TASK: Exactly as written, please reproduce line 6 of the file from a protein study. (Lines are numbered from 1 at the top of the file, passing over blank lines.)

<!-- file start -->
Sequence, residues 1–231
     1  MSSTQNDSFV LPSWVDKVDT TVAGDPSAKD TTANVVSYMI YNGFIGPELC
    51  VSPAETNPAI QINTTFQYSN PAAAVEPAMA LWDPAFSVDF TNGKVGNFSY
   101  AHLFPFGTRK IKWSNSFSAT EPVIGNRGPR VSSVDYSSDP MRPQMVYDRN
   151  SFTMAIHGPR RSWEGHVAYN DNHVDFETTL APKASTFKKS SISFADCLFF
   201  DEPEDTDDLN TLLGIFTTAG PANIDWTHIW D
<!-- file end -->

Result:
   201  DEPEDTDDLN TLLGIFTTAG PANIDWTHIW D